Rich Pugh, co-founder and chief data scientist at Mango Solutions, looks back in time to find out where the term ‘data science’ first originated, what it means today and how it can add value in a data-driven organisation
Much of our time is spent talking to organisations looking to build a data science capability, or generally looking to use analytics to drive better decision making. As part of this, we’re often asked to present on a range of topics around data science. The two most popular topics are: ‘What is data science?’ and ‘What is a data scientist?’.
Where did the term ‘data science’ come from?
Professor Jeff Wu —the Coca-Cola Chair in Engineering Statistics at Georgia Institute of Technology— popularised the term ‘data science’ during a talk in 1997. Before this, the term statistician was widely used instead. Professor Wu felt that the title ‘statistician’ no longer covered the array of work being done by statisticians, and that ‘data scientist’ better encapsulated the multi-facetted role.
So, surely defining what a data scientist is and what they do should be a simple task – just bring up an image of Professor Wu and reference his 1997 lecture and ask for questions. However, the original definition has evolved since then and, in fact, most data scientists we meet are unfamiliar with Professor Wu.
What does data science mean today?
What ‘data science’ meant originally and what it means today are two very different things. One early definition of what a data scientist means, is from Josh Wills, current director of data engineering at Slack. Back in 2012, he described a data scientist as follows: “Data Scientist (n): Person who is better at statistics than any software engineer and better at software engineering than any statistician.” This speaks more directly to the data scientist being a ‘merging’ of different skillsets – a mix of a ‘statistician’ and ‘software engineer’.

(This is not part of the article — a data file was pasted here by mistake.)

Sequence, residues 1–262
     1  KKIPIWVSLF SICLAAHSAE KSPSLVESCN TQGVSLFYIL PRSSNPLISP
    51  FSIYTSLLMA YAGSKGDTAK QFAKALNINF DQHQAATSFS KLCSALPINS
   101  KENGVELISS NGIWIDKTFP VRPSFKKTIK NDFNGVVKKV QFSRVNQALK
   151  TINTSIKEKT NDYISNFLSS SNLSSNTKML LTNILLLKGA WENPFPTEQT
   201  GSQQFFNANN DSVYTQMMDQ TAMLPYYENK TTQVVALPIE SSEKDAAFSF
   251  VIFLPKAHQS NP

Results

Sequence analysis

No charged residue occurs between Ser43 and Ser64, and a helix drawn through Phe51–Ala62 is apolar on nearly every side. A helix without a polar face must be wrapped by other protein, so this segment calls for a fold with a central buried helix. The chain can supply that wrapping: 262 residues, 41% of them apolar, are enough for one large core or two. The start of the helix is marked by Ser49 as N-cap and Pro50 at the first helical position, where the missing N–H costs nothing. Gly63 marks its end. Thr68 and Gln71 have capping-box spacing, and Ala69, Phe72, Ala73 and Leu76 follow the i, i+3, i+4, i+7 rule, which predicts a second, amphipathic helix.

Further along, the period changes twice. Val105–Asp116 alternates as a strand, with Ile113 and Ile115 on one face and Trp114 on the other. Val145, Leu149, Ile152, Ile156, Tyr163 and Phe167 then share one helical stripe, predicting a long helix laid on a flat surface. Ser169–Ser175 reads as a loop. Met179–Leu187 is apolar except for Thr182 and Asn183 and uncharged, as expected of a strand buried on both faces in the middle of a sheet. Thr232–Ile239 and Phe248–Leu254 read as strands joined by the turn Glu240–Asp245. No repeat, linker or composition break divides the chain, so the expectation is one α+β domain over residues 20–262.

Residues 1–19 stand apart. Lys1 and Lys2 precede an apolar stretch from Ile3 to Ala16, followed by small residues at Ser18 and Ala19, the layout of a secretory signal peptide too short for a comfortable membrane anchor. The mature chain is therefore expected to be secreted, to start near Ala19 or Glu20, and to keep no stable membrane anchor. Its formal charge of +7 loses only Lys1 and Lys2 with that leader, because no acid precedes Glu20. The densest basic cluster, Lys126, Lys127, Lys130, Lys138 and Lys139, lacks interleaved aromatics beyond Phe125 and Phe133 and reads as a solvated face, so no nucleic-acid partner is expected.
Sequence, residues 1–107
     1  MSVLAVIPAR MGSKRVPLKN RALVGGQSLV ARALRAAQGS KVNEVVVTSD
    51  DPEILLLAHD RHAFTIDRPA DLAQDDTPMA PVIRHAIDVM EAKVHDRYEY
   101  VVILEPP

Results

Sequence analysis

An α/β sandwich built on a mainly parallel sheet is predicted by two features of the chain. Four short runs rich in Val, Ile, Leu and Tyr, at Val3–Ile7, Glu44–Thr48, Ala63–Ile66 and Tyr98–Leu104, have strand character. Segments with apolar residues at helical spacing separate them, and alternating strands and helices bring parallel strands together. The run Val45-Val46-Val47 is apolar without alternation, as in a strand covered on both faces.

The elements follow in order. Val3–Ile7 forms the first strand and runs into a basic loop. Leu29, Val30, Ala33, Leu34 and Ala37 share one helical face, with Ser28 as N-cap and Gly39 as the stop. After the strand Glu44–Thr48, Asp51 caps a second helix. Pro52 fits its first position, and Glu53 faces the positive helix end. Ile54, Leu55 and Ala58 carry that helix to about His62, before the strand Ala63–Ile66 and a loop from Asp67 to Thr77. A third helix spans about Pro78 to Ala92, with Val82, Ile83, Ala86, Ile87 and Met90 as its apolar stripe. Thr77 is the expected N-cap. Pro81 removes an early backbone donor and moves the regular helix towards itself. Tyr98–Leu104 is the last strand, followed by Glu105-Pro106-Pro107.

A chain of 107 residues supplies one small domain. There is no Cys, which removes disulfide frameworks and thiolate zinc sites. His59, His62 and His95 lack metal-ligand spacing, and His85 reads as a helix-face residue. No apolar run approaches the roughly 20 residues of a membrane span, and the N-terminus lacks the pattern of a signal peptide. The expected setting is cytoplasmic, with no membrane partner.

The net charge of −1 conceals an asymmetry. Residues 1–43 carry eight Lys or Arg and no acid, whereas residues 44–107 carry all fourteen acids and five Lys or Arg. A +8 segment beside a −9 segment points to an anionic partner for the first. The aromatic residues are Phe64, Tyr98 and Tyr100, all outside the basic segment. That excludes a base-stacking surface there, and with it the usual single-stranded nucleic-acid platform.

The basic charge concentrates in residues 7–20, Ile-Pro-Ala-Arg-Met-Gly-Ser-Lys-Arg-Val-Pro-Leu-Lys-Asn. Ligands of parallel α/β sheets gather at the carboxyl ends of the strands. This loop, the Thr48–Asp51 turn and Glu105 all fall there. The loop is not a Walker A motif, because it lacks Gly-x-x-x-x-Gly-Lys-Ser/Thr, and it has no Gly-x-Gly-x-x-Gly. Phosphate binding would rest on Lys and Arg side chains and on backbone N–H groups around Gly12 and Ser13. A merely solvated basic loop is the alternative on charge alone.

Drew Conway took this concept further with a heavily used Data Science Venn Diagram depicting hacking skills, maths and stats knowledge, and substantive expertise as the primary colours of data.
It is clear that today data science has come to represent a lot more than Professor Wu’s original definition.
To us, data science is the proactive use of data and advanced analytics to drive better decision making.
The four key pillars:
It might be stating the obvious, but we can’t do data science without the data. What’s interesting is that data science is often associated with the extremes of Doug Laney’s famous ‘3 V’s’:
• Volume – the size of data to be analysed, driving data science’s ongoing association with the world of ‘big data’
• Variety – with algorithms focused on analysing a range of structured and unstructured data types (e.g. image, text, video) being developed faster perhaps than the business cases are understood
• Velocity – the speed at which new data is created and speed of decision therefore required, leading to stream analytics and increased usage of machine learning approaches
However, data science is equally applicable to small, rectangular, static datasets.
Generally, analytics can be thought of in four categories:
• Descriptive Analytics: the study of ‘what happened?’ This is largely concerned with the reporting of results and summaries via static or interactive (e.g. dashboards) and is more commonly referred to as ‘Business Intelligence’